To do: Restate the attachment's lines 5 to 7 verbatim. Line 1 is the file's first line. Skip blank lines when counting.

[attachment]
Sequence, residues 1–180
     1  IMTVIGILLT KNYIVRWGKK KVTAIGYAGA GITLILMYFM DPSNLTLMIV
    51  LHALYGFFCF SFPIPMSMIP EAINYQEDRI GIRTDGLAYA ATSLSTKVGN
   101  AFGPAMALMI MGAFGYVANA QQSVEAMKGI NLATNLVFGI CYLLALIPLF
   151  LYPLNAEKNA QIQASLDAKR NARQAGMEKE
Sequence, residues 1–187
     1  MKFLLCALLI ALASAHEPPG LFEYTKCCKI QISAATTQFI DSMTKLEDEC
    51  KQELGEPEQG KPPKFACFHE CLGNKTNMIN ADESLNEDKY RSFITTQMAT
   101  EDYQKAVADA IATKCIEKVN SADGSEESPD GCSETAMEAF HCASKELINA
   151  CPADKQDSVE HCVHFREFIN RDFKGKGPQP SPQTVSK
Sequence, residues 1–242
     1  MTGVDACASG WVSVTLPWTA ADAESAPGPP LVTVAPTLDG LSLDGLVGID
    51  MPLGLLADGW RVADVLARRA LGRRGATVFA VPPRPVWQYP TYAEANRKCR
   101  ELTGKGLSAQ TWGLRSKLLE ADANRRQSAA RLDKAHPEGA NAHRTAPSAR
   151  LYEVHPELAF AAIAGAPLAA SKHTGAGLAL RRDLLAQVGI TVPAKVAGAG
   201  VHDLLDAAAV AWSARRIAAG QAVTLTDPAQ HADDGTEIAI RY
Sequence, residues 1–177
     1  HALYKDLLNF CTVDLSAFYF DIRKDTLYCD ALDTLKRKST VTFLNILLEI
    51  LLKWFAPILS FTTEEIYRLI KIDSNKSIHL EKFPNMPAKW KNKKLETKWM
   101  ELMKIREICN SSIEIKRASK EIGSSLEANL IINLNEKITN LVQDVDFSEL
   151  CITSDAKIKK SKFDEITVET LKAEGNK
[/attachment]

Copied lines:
   151  LYPLNAEKNA QIQASLDAKR NARQAGMEKE
Sequence, residues 1–187
     1  MKFLLCALLI ALASAHEPPG LFEYTKCCKI QISAATTQFI DSMTKLEDEC